Tom LaSorda's words ring eerily as he unveils his latest venture today.
Stage 2 Innovations is a consultancy with a $100 million nest egg for hatching "anything new and big."
The formerCEO and his partners will invest in and advise cash-strapped companies with bankable products or technologies. In return, Stage 2 takes an equity stake in the companies.
The fund seeks to capitalize on a void in the U.S. business climate, LaSorda tells journalists at a news conference just minutes from his former office. Banks are "not as fluid" with lending as they were before the recession.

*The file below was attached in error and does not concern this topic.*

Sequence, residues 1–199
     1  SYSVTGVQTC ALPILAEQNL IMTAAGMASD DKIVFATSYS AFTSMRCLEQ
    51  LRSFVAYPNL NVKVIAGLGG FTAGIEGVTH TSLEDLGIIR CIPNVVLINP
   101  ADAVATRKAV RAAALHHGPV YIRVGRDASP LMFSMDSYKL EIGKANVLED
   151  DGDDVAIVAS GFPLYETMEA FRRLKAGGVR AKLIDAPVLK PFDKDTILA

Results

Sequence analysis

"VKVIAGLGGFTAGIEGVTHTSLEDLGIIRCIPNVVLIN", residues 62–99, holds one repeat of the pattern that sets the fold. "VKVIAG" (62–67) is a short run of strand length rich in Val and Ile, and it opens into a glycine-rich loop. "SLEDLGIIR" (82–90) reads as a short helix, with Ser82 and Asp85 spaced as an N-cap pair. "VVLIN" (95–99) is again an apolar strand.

And private equity firms -- cue the Twilight Zone theme music -- "don't give you enough money to do what you need to do."
LaSorda would know. He helmedwhen Cerberus, a New York-based private equity, swooped in and shackled the auto maker.
The regime heralded an era when advanced technology and customer satisfaction took a back seat to the bare minimum. Chrysler insiders now say Cerberus slammed the brakes on innovation and cut corners wherever and whenever possible, hoping against hope consumers wouldn't notice.
LaSorda is not piling on here. He doesn't mention Cerberus or Chrysler. He is too much the gentleman.
But his off-hand remark is particularly poignant as his successor at Chrysler, Sergio Marchionne, hosts the media today at a nearby assemlby plant. The event celebrates the early repayment of controversial government loans that helped put Chrysler back in the driver's seat, while kicking Cerberus-style management to the curb.